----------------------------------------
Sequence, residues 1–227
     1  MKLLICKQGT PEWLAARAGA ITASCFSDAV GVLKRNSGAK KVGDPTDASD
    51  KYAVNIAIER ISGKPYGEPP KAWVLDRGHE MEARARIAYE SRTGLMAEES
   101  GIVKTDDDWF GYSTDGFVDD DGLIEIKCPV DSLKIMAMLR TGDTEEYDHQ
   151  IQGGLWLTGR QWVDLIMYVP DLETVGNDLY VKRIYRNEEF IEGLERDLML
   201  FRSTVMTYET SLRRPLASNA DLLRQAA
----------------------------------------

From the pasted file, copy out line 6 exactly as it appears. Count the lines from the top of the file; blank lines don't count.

   201  FRSTVMTYET SLRRPLASNA DLLRQAA